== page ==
When You Pray…

Written by Jennifer Azubuike


At the close of work one day, I jumped into my car happy to head home. The radio came on as soon as I turned on the engine; it was a Christian radio station so I didn’t mind. I drove and listened as the host asked listeners to call in and define the acronym ‘PRAY.’ It was during this conversation, I heard for the first time the breakdown of the word. I call “pray” a word because I had never thought of it as an acronym before that moment. Before I go any further, here’s a useful context on prayer. 


The first time Jesus taught His disciples to pray, his words were recorded in the excerpt below. Later, His prayer was termed ‘Our Lord’s prayer.’ Over time it became the template that Christians use to pray. His words go thus:


“This, then, is how you should pray: ‘Our Father in heaven, hallowed be your name, your kingdom come, your will be done, on earth as it is in heaven. Give us today our daily bread. And forgive us our debts, as we also have forgiven our debtors. And lead us not into temptation, but deliver us from the evil one.’’’ Matthew 6:9-13 and Luke 11:2,4


His prayer, when analyzed, contains elements of praise or reverence, repentance then requesting. I can summarize it as praise-repent-ask. However, The fourth letter of the acronym ‘Y’ as in yield caught me unaware since that element is not immediately apparent until you look closer – “Your will be done on earth as it is in heaven.”


Yield by dictionary definition means to surrender to someone or something. If praying, as I know it, is mainly about listing personal desires to God with the expectation that He would do them like a child asking his/her parents for something, what has ‘surrender’ anything to do with it? But then as I thought about it I was reminded of Jesus’s example in Matthew 26 just before he was arrested and crucified.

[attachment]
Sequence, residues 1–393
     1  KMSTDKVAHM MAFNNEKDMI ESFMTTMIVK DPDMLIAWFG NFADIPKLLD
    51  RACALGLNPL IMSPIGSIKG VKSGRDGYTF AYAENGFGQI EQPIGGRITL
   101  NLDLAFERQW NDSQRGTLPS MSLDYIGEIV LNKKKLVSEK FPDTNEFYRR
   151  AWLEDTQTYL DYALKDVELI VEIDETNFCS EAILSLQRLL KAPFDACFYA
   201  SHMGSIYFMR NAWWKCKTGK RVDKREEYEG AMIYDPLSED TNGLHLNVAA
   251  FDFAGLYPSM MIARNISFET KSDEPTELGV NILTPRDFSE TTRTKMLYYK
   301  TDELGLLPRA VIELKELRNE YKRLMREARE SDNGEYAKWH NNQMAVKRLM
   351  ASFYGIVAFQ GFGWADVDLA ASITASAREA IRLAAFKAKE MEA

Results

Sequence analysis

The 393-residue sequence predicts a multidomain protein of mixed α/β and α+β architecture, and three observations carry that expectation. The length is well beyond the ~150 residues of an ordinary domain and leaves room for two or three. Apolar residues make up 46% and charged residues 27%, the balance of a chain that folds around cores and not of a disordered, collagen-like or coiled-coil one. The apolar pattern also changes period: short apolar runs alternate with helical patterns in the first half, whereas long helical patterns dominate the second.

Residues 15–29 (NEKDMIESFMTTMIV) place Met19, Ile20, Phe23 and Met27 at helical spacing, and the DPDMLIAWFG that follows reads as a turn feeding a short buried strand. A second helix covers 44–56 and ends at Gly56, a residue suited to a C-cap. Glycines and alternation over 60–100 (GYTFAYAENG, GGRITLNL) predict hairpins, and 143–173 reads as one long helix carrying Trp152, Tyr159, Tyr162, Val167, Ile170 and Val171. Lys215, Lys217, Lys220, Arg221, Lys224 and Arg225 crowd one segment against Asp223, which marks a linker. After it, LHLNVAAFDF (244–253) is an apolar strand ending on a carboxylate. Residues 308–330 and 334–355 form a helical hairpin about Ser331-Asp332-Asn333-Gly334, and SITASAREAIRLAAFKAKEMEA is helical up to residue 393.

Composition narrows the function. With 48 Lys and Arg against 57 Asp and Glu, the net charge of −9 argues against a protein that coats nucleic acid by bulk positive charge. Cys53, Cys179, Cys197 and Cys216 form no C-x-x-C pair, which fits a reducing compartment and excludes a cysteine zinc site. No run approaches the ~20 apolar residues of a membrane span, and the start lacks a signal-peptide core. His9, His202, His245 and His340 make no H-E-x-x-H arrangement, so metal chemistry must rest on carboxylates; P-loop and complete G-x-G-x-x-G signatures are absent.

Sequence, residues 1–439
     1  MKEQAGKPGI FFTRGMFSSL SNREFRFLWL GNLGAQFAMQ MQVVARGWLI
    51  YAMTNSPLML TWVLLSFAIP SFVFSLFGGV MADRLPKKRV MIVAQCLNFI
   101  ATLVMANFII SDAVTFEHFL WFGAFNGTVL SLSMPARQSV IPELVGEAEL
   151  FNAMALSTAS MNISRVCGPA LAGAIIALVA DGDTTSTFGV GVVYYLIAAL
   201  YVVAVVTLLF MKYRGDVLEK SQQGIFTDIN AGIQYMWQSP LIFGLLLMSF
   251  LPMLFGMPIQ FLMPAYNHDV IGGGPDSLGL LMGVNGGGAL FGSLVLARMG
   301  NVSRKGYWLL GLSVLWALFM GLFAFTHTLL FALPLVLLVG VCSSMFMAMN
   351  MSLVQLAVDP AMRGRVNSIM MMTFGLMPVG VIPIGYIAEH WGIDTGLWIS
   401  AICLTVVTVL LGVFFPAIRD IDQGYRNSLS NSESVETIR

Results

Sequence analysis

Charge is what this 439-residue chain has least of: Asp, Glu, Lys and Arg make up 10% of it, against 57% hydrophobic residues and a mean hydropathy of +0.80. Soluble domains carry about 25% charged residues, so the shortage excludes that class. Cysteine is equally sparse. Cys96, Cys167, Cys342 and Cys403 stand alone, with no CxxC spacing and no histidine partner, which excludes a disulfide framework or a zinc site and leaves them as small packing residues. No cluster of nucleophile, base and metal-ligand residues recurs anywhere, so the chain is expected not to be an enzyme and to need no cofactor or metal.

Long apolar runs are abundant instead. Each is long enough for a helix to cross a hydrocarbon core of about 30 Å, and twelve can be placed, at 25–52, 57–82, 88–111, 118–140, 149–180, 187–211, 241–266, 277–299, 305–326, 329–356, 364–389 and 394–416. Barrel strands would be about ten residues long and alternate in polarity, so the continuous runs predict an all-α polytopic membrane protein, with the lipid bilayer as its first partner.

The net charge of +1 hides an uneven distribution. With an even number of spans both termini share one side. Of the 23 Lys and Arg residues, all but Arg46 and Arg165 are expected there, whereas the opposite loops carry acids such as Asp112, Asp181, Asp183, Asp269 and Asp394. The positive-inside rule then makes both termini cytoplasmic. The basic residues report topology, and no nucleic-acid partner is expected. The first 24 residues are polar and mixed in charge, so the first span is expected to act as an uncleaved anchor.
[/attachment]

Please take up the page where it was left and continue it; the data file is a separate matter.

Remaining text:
‘Going a little farther, he fell with his face to the ground and prayed, “My Father, if it is possible, may this cup be taken from me. Yet not as I will, but as you will.” ‘Matthew 26:39


Jesus made that prayer the night He was betrayed into the hands of the people who would later kill him. Being all-knowing, He knew what was coming at that moment and was burdened by it, so he asked God to change his fate of death. It was a legitimate request because it was his heart’s desire at that moment, yet after asking he surrendered to God’s will. Because he surrendered, God’s will was established; today we celebrate salvation, deliverance, and many more through Jesus’ death and resurrection.

Yielding is a part of praying which I have missed for so long. Of course, it will not be easy to incorporate into praying unless I can trust that God’s thoughts toward me are “thoughts of peace and not of evil to give [me] a future and a hope.” Jeremiah 29:11


**I’d love to read your thoughts on this in the comment section**


Until next time, stay lifted!

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